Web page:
New answers tagged

0

Not really an answer, but... ...The phrase "co-processor," can mean two different things. When you're talking about a "floating point co-processor" or "FPU," you're probably talking about a chip that extends the capabilities of the main CPU. In a very real sense, it becomes part of the CPU when it is installed. It adds ...


0

Broadly speaking, all these systems worked in the same way. The base system is always the same, generate the lines and synchronisation pulses needed to build display frames. The video circuit (could be a single chip or not) knows when it starts a single frame, and has somewhere access to memory (which can be private or shared with the microprocessor). It ...


1

A standalone processor, such as the ones you have listed, would usually only be able to perform some basic operations on integer data. This would typically be add and subtract because those operations can be trivially implemented with minimal amounts of logic (see Ben Eater's series on building a CPU on a breadboard as an example). Earlier versions of the ...


2

The video circuitry was a lot simpler in those days and there was no true GPU as we have today. The video memory was part of the CPU memory space and any video circuitry merely converted it into a video signal. There was no graphics processing outside of what the CPU did. Some, particularly earlier systems use discrete components to produce a simple video ...


4

While many of the performance capabilities of modern desktop processors intended to run multi-tasking operating systems are somewhat wasted in a real time context, they are not actually impediments. A soundly designed real time operating system uses hardware timers for the precise timing needs in terms of scheduling when code runs. Desktop operating systems ...


10

There are three principal reasons: 1: Realtime software demands CPUs whose execution time is highly predictable. That is true mostly of CPUs without speculative features such as caching and dynamic branch prediction. Some modern CPUs (eg. ARM Cortex-R series) are specifically designed to provide this property. 2: Low interrupt latency and overhead, on the ...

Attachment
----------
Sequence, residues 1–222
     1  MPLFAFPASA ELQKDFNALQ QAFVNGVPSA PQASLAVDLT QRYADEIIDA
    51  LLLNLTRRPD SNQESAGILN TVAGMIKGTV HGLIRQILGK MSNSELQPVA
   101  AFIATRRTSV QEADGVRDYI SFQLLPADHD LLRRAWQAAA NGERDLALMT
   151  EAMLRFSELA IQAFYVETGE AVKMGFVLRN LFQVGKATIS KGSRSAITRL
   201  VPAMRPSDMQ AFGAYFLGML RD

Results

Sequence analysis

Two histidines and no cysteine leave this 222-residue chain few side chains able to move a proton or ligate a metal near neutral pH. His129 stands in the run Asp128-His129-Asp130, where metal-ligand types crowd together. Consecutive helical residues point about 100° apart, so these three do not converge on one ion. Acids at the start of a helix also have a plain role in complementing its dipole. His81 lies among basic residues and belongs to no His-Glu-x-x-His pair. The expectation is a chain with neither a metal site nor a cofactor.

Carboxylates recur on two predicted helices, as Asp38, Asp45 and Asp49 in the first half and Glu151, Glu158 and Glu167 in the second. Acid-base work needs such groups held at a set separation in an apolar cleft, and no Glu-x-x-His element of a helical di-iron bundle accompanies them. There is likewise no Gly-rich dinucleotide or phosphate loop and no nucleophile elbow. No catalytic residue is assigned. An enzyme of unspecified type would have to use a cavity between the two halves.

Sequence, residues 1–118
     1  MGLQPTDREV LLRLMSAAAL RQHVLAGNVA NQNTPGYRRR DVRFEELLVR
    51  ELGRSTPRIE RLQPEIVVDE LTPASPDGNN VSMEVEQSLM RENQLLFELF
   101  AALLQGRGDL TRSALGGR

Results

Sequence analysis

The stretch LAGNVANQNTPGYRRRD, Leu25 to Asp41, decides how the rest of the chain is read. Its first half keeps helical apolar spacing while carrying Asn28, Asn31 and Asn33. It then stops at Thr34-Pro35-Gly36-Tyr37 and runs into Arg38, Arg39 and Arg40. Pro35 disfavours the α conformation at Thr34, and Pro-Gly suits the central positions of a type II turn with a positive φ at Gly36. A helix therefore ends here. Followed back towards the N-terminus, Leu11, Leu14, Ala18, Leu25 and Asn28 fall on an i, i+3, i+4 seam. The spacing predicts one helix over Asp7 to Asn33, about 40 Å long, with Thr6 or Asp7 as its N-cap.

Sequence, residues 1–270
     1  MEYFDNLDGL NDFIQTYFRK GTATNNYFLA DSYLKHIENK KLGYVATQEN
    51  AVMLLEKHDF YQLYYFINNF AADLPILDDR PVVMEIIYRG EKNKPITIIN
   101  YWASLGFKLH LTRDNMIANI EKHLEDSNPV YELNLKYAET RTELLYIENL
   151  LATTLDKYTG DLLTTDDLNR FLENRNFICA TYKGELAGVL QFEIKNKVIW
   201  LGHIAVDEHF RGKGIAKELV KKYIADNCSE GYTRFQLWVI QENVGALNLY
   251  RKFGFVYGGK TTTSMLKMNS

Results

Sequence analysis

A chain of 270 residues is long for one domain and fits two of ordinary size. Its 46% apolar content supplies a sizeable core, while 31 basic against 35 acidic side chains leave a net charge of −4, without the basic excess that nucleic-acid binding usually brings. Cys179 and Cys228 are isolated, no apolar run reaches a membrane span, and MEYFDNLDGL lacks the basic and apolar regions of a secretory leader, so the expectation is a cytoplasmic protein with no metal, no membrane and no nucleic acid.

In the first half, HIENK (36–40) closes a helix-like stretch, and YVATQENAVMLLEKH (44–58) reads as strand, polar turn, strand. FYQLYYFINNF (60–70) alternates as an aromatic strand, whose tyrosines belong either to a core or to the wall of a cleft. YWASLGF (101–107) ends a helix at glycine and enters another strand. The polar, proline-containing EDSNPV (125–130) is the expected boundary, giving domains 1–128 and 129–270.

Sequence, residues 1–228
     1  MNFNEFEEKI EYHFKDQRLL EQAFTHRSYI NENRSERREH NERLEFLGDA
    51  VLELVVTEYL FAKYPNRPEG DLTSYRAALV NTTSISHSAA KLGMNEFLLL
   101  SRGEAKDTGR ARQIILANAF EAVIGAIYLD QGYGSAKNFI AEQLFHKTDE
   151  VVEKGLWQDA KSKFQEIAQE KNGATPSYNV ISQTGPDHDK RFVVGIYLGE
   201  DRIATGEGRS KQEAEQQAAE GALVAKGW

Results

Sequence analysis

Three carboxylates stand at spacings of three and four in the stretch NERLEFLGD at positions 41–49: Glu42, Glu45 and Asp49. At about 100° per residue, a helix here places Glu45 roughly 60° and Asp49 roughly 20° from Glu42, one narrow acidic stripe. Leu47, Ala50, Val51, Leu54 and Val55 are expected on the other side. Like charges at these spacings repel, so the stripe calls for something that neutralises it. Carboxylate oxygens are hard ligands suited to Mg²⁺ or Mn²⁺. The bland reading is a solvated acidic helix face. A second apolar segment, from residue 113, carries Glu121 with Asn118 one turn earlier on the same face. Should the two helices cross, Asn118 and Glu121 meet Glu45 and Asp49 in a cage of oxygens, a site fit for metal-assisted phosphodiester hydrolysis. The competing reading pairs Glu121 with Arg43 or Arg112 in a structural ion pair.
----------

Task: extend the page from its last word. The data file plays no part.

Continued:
24

This paragraph in Wikipedia really is no candidate for the best entry-of-the-year award. It seems to be comparing Apples with Oranges. (Or rather starts talking about CPUs, then commences on PCs vs. "something else", i.e. system architecture). A comparison of interrupt latency and predictability thereof doesn't make much sense on CPU level - It ...


22

It's the simplicity. Under modern general purpose operating systems, you don't usually have hard real-time guarantees. Too many things are going on. Context switching is slow. Interrupts are slow. The kernel is often not fully pre-emptable. On top of all that, modern hardware incorporates features like speculative execution, extensive pipelining, ...


50

On a typical 6502, Z80, or 68000 system, it's possible to predict very precisely exactly how long a piece of code will take to execute. The same is true, incidentally, of many small microcontrollers produced today. In many cases, this allows some operations to be done more efficiently than would otherwise be possible. For example, if both function-control ...


Top 50 recent answers are included